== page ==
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Summary:

Apple’s new iPad is rumored to be slightly thicker than the iPad 2. I think that’s a good thing, if true. Devices may have passed the “sweet spot” of thinness, as I’m finding that slim slates and smartphones are hurting my hands. Is it just me?

ipad

Apple’s next iPad is expected to launch on Wednesday, and we’ll start live-blogging the event right here at 9:30am PT. Typical of an Apple launch, there’s rampant speculation and leaked specifications leading up to the event.

A screen with four times the pixels is a good bet, as is support for LTE networks, and maybe even a touchscreen that touches you back. But the spec I’m most interested in right now is the tablet’s thickness, which is rumored to be slightly thicker than prior iPads. And I think that’s a good thing.

For the past few years, device makers have focused on making smartphones and tablets thinner. Maybe we’ve passed the “sweet spot” for thin, however. I’ve noticed that as these devices lose girth, they start to hurt my hands after holding them for prolonged amounts of time. And no amount of rounding or tapering is helping, as the thin corners still dig into my hands.

Of late I’ve seen this first-hand with my Galaxy Nexus and Galaxy Tab 7.7 slate. I’m not picking on Samsung products specifically, nor Android devices, but these are good examples: After holding either for a while, a red indentation line appears on my palm from the device corners on these thin devices. The 7.7-inch Galaxy Tab, for example, is 7.89 millimeters; nice and slim for portability, but a little hard on the hands.

Former Motorola CEO, Sanjay Jha may have seen the light on this too. Reportedly, he suggested that there is such a thing as “too thin” when discussing the Droid Razr handset; that helped lead to the thicker Razr Maxx with its higher capacity battery.

Maybe it’s just me (and Jha) who think devices can actually be “too thin.” And the best way for me to see if I’m an outlier is to pose the question to the masses, so have at it in the poll. I’m specifically asking about the iPad in the poll, but please don’t hesitate to share additional thoughts about the thinness situation in our comments.

  1. i agree with you completely. buy i also know that for most consumers the practicality of holding a device is not at all a important compared to the ‘coolness’ factor. and for now at least thin is cool.

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  2. Thinness is for marketing. The thinner, the sexier. What really matters is weight. The only tablet I’ve used is the Kindle Fire, and my initial reaction was that it was too heavy for extended use without a stand.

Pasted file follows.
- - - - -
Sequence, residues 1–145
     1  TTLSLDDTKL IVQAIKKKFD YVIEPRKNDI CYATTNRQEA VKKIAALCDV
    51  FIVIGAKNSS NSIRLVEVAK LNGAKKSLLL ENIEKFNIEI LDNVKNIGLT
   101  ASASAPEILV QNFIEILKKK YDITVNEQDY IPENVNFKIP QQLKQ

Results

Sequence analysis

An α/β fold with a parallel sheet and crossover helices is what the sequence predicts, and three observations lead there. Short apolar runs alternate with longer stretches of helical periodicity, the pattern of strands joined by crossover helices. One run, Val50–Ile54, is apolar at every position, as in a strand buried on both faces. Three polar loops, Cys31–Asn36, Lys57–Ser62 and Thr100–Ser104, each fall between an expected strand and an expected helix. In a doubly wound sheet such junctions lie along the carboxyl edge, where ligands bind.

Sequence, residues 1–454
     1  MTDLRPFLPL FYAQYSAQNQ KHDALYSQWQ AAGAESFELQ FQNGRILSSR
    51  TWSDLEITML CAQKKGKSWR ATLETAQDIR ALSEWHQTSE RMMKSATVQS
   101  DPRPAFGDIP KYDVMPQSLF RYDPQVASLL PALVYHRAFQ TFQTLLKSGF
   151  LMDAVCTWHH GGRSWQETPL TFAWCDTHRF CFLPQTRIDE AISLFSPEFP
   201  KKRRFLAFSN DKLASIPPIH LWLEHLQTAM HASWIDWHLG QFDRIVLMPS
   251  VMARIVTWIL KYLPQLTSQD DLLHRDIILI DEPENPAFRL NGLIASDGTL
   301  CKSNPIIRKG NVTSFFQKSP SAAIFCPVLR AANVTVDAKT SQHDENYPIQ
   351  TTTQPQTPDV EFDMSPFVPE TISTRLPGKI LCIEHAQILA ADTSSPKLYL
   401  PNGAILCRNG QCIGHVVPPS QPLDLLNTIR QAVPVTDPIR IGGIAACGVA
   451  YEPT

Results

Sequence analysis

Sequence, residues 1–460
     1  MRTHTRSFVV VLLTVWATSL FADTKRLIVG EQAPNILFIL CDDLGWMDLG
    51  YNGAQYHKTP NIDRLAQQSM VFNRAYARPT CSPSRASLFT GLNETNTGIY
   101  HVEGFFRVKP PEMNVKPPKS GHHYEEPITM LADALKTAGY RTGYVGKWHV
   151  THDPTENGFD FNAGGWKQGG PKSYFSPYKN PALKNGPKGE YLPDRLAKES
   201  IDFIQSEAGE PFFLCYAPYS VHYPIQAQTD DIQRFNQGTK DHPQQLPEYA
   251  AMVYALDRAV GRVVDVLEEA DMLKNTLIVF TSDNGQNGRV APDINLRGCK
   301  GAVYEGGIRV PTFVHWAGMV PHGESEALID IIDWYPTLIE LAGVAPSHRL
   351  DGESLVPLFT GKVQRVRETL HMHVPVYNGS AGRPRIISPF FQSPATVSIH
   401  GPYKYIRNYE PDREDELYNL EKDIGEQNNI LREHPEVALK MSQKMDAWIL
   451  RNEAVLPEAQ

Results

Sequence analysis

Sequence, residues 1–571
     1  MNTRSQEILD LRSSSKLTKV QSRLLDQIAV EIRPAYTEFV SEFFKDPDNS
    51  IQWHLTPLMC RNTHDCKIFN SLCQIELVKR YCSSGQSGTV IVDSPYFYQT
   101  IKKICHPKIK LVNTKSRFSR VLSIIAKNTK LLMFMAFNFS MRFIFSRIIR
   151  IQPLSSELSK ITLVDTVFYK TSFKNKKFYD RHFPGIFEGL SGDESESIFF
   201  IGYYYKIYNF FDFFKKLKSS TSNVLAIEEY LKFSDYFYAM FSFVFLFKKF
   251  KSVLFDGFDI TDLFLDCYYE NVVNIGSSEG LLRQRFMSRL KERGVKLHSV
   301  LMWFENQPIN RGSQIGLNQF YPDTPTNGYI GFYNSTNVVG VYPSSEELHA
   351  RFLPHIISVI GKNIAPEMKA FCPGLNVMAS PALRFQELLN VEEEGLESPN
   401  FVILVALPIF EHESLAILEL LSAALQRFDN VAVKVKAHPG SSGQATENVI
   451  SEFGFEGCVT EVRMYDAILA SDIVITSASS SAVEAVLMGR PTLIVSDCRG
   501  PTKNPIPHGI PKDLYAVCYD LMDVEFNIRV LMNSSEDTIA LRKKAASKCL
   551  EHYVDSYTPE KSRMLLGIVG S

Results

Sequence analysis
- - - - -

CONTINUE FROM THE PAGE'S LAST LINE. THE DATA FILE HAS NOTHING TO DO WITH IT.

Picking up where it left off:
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    1. Totally agree. The most important change between my iPad 1 and my iPad 2 after sone time was the weight factor.

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  3. Cripes. Anyone here ever do manual labor?

    Thin works, the weight is negligible. Besides, I have a preorder in for a new AppleTV as soon as it does 1080p.

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  4. Yeah, I agree it’s not really the thickness, it’s more about the weight. Those marks on your hands wouldn’t really be there if it weighed less. Yes the marks are made by the thin edges but it’s the weight that’s providing the force needed to make them

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  5. Well it seemed to matter quite a lot last year, when everyone was in awe with how “thin” and “light” the iPad 2 is, but I guess that since iPad 3 doesn’t have that anymore, it’s suddenly not an issue anymore.

    Personally, I don’t think thickness matters all that much, as long as it’s under 10mm, and they pack a lot of battery inside to compensate for the thickness.

    The weight on the other hand – I think that matters a lot. And I believe even 600 grams (iPad 2, Galaxy Tab 10.1) is way too heavy for a tablet. All such devices that you have to hold for longer than 20-30 minutes in your hand, should be around 300 grams, kind of like the Kindle. It will take a few more years until we get there (for 10″ devices), but that should be the goal, and they should continually strive to reach that weight.

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  6. Reblogged this on Dots Of Color.

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  7. Try looking at the Asus transformer prime. Thinner faster quad cored and dont overheat

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